Who’s the inventor?
If you’ve ever strapped on skates and picked up a hockey stick in this town, chances are you’ve sent a puck or two flying in Chris Hunt’s direction. The businessman and inventor from Pond Inlet is something like Yellowknife’s official goalie, playing around 200 games a year for every team in town. His other claim to fame is being one of a select group of Yellowknifers (three by his count) to have secured a U.S. patent for an invention — one which he says has the potential to revolutionize road construction and help combat global warming.
What are his inventing credentials?
Hunt has no formal engineering training; he entered the asphalt industry somewhat by accident after selling an internet domain name to an asphalt company in Florida about five or six years ago. He hit it off with the inventors of EZ Street Asphalt, which produces asphalt that can be laid in cold weather, and became the Canadian supplier for the product. Brainstorming how to improve the product, he began experimenting in a lab in Kam Lake, and after about six months came up with a UV-reflective asphalt additive which he patented in 2014.
“I work with a lot of engineers across the country,” says Hunt, “and they always say, ‘why did you come up with this? You’re not even an engineer!’”
“Some of them say that’s probably part of the reason why. There was literally no question that seemed too silly to me, why this? why not this?”
What’s the invention?
Remember hot summer days as a kid, running barefoot on black asphalt? Turns out, quelle surprise, that asphalt’s sweltering temperature isn’t only hard on pattering little feet; as asphalt bakes in the sun, the oil holding it together heats way up, causing the road building material to deteriorate over time.
So what if you could make a type of asphalt that doesn’t heat up? Well, not only would roads live longer, they’d also cease acting as giant atmospheric heaters driving up global temperatures in the warm summer months (or so the line of thinking behind Hunt’s UV reflective asphalt goes).
Hunt’s invention isn’t exactly a new type of asphalt. It’s a new type of additive to replace the black oil that typically holds asphalt together. The concoction, says Hunt, is made mostly of natural minerals which reflect UV rays without heating up — titanium dioxide, which is used in sunscreen, being the most prominent in the mix. It can be used in any type of asphalt and dyed any colour. Yellow roads in Yellowknife, anyone?
Hunt’s invention is a new type of additive to replace the classic black oil that holds asphalt together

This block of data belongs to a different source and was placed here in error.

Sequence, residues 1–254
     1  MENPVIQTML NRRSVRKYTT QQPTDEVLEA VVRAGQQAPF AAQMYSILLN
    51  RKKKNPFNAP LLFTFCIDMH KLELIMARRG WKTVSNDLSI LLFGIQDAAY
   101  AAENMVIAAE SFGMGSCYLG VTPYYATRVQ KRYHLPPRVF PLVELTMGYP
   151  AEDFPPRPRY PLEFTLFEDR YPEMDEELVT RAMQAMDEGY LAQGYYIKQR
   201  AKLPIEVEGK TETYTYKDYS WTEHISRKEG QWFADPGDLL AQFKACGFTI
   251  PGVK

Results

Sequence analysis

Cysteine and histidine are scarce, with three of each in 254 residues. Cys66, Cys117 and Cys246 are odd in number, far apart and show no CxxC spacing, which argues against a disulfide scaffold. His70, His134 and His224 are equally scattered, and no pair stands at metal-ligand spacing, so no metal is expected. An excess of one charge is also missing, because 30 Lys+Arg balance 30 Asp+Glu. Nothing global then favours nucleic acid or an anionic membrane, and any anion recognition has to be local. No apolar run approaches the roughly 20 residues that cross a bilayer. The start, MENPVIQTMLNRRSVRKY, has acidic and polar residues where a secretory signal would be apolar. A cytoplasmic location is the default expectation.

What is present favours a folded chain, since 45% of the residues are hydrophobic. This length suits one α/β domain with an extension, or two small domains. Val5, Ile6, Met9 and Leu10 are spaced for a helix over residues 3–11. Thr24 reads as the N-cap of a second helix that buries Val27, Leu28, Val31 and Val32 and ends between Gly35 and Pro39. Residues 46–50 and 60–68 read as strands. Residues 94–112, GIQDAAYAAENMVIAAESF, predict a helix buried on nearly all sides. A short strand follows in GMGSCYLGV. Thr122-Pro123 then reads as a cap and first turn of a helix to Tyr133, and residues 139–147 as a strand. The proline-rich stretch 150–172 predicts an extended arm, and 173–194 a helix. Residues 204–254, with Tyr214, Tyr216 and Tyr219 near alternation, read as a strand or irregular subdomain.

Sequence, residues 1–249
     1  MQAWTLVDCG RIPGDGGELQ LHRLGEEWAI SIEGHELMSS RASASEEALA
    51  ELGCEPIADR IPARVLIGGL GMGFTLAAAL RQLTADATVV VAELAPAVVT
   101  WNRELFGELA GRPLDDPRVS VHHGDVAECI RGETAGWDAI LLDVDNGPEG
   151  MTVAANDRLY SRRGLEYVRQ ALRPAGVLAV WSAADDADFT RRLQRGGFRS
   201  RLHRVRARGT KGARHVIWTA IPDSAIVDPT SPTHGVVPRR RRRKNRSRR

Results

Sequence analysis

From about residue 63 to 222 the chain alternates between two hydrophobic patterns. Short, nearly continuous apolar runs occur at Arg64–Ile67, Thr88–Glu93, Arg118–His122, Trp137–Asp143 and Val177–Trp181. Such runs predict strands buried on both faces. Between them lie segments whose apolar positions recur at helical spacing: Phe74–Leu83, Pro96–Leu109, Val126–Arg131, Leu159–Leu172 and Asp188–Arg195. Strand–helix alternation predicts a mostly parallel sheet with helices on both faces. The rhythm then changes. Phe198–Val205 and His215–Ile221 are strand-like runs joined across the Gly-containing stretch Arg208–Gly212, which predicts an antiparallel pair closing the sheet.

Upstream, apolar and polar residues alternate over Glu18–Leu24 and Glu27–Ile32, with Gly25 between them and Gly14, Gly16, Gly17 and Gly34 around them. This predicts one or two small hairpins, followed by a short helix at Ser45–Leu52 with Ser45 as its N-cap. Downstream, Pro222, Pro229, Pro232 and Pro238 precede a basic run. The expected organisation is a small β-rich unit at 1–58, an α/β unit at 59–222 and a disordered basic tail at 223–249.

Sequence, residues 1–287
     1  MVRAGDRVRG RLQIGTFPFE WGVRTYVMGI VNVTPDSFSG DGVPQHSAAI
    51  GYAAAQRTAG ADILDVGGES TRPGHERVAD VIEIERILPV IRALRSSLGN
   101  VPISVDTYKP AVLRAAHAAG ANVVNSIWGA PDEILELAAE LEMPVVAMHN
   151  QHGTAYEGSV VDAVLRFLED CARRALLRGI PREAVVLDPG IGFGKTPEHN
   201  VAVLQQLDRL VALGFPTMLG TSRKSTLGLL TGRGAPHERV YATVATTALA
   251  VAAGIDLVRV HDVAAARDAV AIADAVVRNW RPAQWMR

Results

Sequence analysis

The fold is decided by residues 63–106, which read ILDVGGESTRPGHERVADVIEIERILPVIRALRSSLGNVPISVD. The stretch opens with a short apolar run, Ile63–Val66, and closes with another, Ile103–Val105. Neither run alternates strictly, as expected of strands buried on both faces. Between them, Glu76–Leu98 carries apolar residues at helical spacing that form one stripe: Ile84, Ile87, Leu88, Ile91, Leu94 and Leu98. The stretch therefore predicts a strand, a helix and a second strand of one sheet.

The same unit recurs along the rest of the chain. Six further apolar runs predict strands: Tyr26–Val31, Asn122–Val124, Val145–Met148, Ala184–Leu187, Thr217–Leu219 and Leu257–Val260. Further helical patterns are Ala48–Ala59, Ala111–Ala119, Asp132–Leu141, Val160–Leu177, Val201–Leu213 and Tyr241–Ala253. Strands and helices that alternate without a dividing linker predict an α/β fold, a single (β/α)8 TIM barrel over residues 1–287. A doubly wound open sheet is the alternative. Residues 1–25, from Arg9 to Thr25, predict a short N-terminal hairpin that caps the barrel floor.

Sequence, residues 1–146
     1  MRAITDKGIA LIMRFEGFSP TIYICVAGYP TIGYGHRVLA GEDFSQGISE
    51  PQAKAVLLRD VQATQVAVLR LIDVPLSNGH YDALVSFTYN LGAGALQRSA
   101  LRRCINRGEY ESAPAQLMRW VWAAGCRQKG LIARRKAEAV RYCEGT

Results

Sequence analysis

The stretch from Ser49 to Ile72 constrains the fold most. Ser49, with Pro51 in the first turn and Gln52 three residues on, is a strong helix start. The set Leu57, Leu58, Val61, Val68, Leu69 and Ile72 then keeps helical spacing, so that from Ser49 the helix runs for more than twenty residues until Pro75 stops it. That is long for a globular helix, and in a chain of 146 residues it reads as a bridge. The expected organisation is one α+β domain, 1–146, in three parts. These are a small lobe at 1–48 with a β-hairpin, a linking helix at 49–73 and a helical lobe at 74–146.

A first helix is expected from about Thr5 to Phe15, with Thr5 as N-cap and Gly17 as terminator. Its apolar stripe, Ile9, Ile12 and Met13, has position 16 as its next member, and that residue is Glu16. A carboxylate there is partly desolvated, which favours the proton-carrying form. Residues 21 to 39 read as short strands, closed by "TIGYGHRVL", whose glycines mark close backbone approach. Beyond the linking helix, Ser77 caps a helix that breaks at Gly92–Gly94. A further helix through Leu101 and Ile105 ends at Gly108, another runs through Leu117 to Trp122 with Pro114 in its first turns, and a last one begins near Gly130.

Why do we need it?
From a short-to-medium-term economic perspective, the invention has the potential to save a lot of money on road repairs. This is especially true in our Northern context, where colder roads wouldn’t melt the permafrost lying underneath.
“One professor was joking, ‘Maybe you’ve created forever asphalt.’ In other words, what’s underneath the road will fall apart before the asphalt does,” says Hunt.
The invention also has the potential to have an even larger impact when it comes to climate change. In 2009, then-U.S. energy secretary Steven Chu suggested, “if you take all the buildings and make their roofs white and if you make the pavement more of a concrete type of colour rather than a black type of colour, and you do this uniformly… it’s the equivalent of reducing the carbon emissions due to all the cars on the road for 11 years.”
“It’s extremely dramatic,” says Hunt, of the potential for his own product. “A municipality or a city could, theoretically get an annual or one-time payment for all the carbon they’re offsetting” by replacing black asphalt with the UV reflective kind.
Since securing a U.S. patent in the summer of 2014, a 400 metre strip of Hunt’s reflective asphalt has been installed in Coquitlam, B.C. as a test case. His next plan: breaking into the California market, where, according to Hunt, the state has mandated that lower-heat road building materials must be phased in in the coming years.
That’s the long-game, in any case — although Hunt adds, “we’re in no rush, we’re small, we’re nimble and we want to have fun.”
And for him, fun is both professional and personal: “I could have moved a long time ago. We do a lot more business in the south than I do up here… [but] even if we’re doing business in California, I want to live here, I want to play 200 games of hockey a year. Can’t do that in California.”